Prediction of Rapid Early Progression and Survival Risk with Pre-Radiation MRI in WHO Grade 4 Glioma Patients

    Get PDF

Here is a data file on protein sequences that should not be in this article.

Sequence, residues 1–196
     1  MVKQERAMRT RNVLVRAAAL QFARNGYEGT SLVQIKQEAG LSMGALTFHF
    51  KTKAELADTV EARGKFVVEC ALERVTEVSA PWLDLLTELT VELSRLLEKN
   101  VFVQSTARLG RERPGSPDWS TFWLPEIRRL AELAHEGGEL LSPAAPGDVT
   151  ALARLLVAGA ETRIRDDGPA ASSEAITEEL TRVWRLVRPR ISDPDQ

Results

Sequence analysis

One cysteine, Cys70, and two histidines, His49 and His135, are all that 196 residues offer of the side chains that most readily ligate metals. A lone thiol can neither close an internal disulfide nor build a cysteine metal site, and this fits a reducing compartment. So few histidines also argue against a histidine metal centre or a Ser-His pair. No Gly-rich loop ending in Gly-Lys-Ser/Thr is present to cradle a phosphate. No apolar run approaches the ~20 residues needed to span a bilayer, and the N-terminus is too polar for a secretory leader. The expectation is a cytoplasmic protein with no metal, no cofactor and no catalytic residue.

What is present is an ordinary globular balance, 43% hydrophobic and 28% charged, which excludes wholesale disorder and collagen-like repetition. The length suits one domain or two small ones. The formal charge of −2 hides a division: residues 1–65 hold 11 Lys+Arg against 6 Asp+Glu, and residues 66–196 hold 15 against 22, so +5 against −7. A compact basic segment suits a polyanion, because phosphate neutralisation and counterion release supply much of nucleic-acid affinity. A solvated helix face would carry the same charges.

Recent clinical research describes a subset of glioblastoma patients that exhibit REP prior to the start of radiation therapy. Current literature has thus far described this population using clinicopathologic features. To our knowledge, this study is the first to investigate the potential of conventional radiomics, sophisticated multi-resolution fractal texture features, and different molecular features (MGMT, IDH mutations) as a diagnostic and prognostic tool for prediction of REP from non-REP cases using computational and statistical modeling methods. The radiation-planning T1 post-contrast (T1C) MRI sequences of 70 patients are analyzed. An ensemble method with 5-fold cross-validation over 1000 iterations offers an AUC of 0.793 ± 0.082 for REP versus non-REP classification. In addition, copula-based modeling under dependent censoring (where a subset of the patients may not be followed up with until death) identifies significant features (p-value < 0.05) for survival probability and prognostic grouping of patient cases. The prediction of survival for the patients’ cohort produces a precision of 0.881 ± 0.056. The prognostic index (PI) calculated using the fused features shows that 84.62% of REP cases fall under the bad prognostic group, suggesting the potential of fused features for predicting a higher percentage of REP cases. The experimental results further show that multi-resolution fractal texture features perform better than conventional radiomics features for prediction of REP and survival outcomes